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Over the past few years, the surge in U.S. natural gas production made possible by the widespread application of horizontal drilling and hydraulic fracturing has kept the price of the commodity severely depressed. As a result, most energy companies with the flexibility to drill for crude oil and other liquids have opted to divert capital away from dry gas drilling and toward liquids-rich drilling.
Yet, incredibly, US natural gas output continues to surge. According to the U.S. Energy Information Administration (EIA), gas production this year is up by roughly 1.5%. Not surprisingly, prices have fallen over the course of the year, from an April high of around $4.40 per thousand cubic feet (Mcf) to around $3.60 per Mcf currently. What gives?
The Marcellus continues to impress
At the risk of oversimplifying, it really comes down to a single, highly prolific shale gas play – the Marcellus. Even as production from other US shale fields has fallen, output from the Marcellus continues to grow. According to Bentek Energy, an energy market analytics firm, Marcellus production from Pennsylvania and West Virginia has jumped 50% year-over-year. By comparison, output from the Haynesville shale of Louisiana and Texas has fallen 21%.
In fact, the tremendous growth in production from the Marcellus has even led some analysts to lower their expectations for US natural gas prices. "We believe it may now be hard for US natural gas prices to push much higher than the current $3.90/MMBtu in [calendar year 14], and see some downside risks to our $4.20/MMBtu for next year," wrote Bank of America commodities analysts in a note to clients.
The reason many companies continue to drill in the Marcellus despite depressed gas prices is because of the play's superior economics and also because of its high natural gas liquids (NGLs) content. An assessment by Standard & Poor's last year found that the Marcellus is easily the most economical shale gas play in the country. With natural gas prices of $3.50 per MMBtu, Marcellus 'dry gas' wells generate an internal rate of return (IRR) of around 12%, while Marcellus "wet" gas wells generate an IRR of close to 30% due to the higher revenues associated with NGLs, according to the ratings agency.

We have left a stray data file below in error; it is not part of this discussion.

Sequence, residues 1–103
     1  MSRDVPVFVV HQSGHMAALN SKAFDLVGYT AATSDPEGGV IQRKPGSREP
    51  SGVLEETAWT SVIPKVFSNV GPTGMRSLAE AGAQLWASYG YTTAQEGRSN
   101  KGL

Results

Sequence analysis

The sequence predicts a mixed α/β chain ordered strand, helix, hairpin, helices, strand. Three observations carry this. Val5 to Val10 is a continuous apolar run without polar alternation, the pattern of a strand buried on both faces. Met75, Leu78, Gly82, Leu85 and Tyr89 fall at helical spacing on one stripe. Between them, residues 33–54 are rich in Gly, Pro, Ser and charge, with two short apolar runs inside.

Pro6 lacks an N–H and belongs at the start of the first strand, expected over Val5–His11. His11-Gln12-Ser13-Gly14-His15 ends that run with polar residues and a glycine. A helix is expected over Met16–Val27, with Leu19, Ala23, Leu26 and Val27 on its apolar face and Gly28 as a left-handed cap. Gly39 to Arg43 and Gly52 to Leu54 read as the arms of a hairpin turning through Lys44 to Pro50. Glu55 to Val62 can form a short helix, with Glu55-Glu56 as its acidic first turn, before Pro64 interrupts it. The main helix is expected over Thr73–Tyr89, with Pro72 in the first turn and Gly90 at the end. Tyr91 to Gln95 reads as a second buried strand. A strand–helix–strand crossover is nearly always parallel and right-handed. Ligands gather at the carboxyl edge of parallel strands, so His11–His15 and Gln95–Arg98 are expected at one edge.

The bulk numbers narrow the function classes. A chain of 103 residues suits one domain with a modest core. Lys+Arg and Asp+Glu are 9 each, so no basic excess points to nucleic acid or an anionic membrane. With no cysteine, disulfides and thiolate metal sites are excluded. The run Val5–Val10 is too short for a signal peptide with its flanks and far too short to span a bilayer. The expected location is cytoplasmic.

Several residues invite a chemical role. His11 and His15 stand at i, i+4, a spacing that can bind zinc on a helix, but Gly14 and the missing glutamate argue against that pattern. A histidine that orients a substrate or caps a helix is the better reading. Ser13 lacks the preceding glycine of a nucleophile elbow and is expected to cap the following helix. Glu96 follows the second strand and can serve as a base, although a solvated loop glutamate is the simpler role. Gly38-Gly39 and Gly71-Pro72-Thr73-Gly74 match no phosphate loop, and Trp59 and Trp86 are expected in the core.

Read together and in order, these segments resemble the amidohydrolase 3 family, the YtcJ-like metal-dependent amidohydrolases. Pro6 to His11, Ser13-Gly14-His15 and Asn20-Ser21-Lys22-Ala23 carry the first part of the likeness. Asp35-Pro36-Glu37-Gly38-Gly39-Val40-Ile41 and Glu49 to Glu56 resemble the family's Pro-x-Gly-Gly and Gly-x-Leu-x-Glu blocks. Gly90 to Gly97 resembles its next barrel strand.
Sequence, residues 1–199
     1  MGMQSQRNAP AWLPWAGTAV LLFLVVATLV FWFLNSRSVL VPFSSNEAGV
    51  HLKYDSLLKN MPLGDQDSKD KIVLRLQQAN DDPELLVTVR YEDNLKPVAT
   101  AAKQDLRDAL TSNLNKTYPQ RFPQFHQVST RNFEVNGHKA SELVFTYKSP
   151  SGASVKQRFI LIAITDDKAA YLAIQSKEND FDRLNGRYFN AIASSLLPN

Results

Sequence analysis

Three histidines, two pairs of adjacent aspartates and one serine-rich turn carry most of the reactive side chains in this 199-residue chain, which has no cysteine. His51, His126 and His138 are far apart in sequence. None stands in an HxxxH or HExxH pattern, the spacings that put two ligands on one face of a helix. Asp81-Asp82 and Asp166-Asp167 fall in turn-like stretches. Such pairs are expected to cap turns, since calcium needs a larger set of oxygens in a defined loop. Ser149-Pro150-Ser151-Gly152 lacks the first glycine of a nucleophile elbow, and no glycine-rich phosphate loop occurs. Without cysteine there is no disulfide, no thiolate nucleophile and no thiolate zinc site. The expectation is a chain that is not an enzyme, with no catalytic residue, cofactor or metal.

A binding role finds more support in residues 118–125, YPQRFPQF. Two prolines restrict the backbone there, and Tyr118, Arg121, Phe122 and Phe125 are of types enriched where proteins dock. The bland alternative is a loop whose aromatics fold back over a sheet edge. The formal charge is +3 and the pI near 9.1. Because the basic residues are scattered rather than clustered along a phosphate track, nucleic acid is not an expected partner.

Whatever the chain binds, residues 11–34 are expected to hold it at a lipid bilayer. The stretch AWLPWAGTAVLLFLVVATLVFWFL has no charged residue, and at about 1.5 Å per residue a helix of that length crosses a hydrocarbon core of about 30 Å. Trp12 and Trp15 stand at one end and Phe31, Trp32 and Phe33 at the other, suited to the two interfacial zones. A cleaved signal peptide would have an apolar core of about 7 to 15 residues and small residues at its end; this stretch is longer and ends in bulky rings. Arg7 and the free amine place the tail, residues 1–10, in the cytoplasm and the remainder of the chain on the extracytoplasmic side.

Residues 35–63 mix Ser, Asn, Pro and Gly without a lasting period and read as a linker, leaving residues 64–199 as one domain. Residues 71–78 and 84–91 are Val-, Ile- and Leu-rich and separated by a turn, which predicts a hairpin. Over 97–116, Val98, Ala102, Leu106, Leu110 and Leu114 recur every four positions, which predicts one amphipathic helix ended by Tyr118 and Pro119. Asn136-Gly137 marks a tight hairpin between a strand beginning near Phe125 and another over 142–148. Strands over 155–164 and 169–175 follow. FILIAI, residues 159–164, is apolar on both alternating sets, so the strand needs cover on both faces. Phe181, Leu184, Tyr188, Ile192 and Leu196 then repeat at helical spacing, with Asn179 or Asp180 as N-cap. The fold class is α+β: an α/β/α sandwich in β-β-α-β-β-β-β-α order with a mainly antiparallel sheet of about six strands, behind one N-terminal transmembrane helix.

4 companies driving Marcellus output growth
Some of the companies driving this tremendous production growth include Chesapeake Energy (NYSE: CHK ) , which owns roughly 100 ,000 net acres in the highest-quality portion of the Northern Marcellus and is currently one of the largest gas producers in the region. In the second-quarter, the company grew its dry gas production in the Marcellus by 58% year-over-year and wet gas production by 56%.
EQT (NYSE: EQT ) is another company seeing phenomenal growth in the Marcellus, reporting a whopping 111 % year-over-year increase in Marcellus gas sales, which allowed the company to nearly double its operating cash flow from the same quarter a year earlier. Meanwhile, Cabot Oil & Gas (NYSE: COG ) , grew production by 52 % year-over-year to a record 95.2 Bcfe, thanks largely to solid operational results in the Marcellus.
And finally, Range Resources (NYSE: RRC ) , which commands a whopping 1 million net acres in the Pennsylvania Marcellus, also reported a 27 % year-over-year increase in production volumes, which averaged 910 Mmcfe per day in the second quarter.
What's next for the Marcellus?
Going forward, natural gas production from the Marcellus is expected to continue growing, as infrastructure constraints in the play ease up. Second-quarter results from Cabot, Range, and other Marcellus producers highlighted the issue of backlogged wells – those that have been drilled but are not currently producing, mainly because they lack pipeline connection.
In the first half of this year, the number of backlogged wells in the Pennsylvania Marcellus increased 8 % year-over-year to 1,546. But as these backlogged wells are connected to pipelines and brought online over the next several months, production growth this year could top even last year's levels.
More compelling companies
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